This chapter analyses the approach taken and offers some conclusions, as well as pointing to the broader implications of the book as a means of thinking about other periods and media. The neutrality of visual ekphrases is called into question through the assumed norm of the masculinist language, whether verbal of visual. Using Derrida, the perceived oppositional nature of space and time is questioned. The female absence and implicit presence is emphasised in the phenomenological experience of space; the proportional system or syntax used in architectural drawing; in the line that creates images; and in the bodily processes through which prints and drawings are produced. In this way, the actions (i.e. gestures and marks) that create visual ekphrases, and in the spaces and surfaces that these images inhabit show the way to a reading of categories of production and historical analysis that differs from canonical norms.
This chapter looks at the ways in which the past was encountered and recorded in texts and through travel. The eighteenth-century experience of Rome is revisited using Freud. It establishes the masculinist, linguistic predicates of verbal and visual descriptions. The work of Stuart and Revett, and Piranesi are used as case studies to explore the implications of visual ekphrases of the past.
This chapter establishes the principal themes and the modes of enquiry used to explore how the architecture of the past is described. It begins with a discussion of the concept of ekphrasis and goes on to consider the relationship between text and image. Key figures including Winckelmann, Lessing, de Piles and Berkeley are introduced. Using Walter Benjamin, the particular qualities of prints are explored.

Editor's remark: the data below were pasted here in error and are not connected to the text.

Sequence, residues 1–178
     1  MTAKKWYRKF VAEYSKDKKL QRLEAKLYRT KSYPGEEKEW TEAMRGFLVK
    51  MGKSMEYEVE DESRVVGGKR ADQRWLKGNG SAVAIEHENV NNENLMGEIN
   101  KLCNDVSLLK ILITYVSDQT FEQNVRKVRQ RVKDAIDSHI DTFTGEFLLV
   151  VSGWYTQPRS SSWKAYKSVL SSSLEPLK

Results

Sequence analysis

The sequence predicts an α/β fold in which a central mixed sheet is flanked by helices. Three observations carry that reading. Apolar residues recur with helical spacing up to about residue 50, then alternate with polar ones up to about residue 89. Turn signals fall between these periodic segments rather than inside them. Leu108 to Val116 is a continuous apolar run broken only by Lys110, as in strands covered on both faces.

This chapter begins by thinking about the spaces of the page and the bodily experience of reading. The relationship between seeing and knowing is explored using the eighteenth-century ideas of Bishop Berkeley articulated through more recent thinking by Derrida and Merleau-Ponty. Theories of space and its representation through the illusion of perspective are traced from antiquity in relation to their influence on artistic practice. The chapter goes on to question what happens when theories of perspective and architectural practice collide, as evident in the work of Borromini, Pozzo and Robert Adam. The distinctive theories and practice of perspective in the long eighteenth century, especially the work of Dr Brook Taylor and Thomas Malton are examined in their contemporary context, including the parallel developments in literature, where the physio-psychological experience of space emerges as a popular preoccupation. The final section considers the historiographic implications for the perceived gap between the representation of space in architectural and artistic practice. It concludes with a consideration of J. M. W. Turner’s Royal Academy lecture diagrams as inheritors of a rich tradition of spatial thinking and perspective theory.